I read a book recently that brought back memories of when I stood on various offshore drilling vessels and platforms and watched OSVs maneuvering and unloading. The book is the “Rise of the Cajun Mariners: The Race for Big Oil” by Woody Falgoux. (The book was reviewed in 2009 by editor David Krapf.)
The author is from the heart of Cajun country in Thibodaux, La., and his book is an excellent account of four families from the Bayou Lafourche area and their rise in the emerging offshore service vessel market.
The book deals with the lives of four Cajun families (the Orgerons, Theriots, Cheramies and Guidrys) plus a wide range of well-known names in the industry, including the Candies, Savoies, Bollingers and the OSV operator Tidewater. The first offshore boats were wooden tugs in the 50-foot range and many of the first “Cajun mariners” were seasoned commercial fishermen and hunters. These men were well skilled in navigating the bayous and inland waterways of south Louisiana. It didn’t take them long to figure out that the nascent oil and gas boom in Cajun country offered a significant financial upgrade to fishing and hunting.
From there, it was just a matter of developing the vessel technology and coping with the multiple downturns in the industry. That is most of the story, and it is a very good one.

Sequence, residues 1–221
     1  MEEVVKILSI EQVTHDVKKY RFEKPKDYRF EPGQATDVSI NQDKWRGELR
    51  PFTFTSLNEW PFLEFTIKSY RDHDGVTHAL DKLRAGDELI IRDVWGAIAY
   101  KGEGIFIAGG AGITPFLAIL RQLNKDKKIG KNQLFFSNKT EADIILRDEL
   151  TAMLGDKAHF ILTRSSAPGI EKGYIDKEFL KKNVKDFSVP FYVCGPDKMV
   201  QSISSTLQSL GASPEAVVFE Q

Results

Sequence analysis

The rest of the book is a sad journey up to the current industry with those who have managed to survive. It begins with hurricanes Katrina and Rita that actually gave the industry a shot in the arm when it sorely needed one. The clean up boom that resulted seemed temporary, until hurricanes Gustav and Ike came along in 2008.
As Falgoux notes, during this time, “Central Gulf Towing employed all nine of its tugs, working everything from salvage to anchor handling to rig moving.” Out in deeper waters, L&M BoTruc’s Pat Pitre and M.J. Cheramie hired out all 14 of their Botrucs (OSVs), amassing enough cash to slowly upgrade their fleet. But the Macondo-Deepwater Horizon incident killed it all. Following the disaster, L&M’s Tony Cheramie saw a disturbing trend emerging. He believed oilfield operators had “too much access to capital,” Falgoux wrote, which threatened to crowd the Gulf with an oversupply of rigs and boats once exploration slowed. He was, of course, right.